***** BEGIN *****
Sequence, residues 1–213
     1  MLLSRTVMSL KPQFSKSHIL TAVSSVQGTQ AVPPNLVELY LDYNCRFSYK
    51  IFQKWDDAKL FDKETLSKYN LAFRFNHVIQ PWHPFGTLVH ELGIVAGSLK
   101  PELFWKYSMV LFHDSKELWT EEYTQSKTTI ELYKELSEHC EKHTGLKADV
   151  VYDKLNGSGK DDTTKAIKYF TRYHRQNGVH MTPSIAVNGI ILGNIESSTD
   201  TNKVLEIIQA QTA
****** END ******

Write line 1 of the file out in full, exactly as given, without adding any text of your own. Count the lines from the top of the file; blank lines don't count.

Sequence, residues 1–213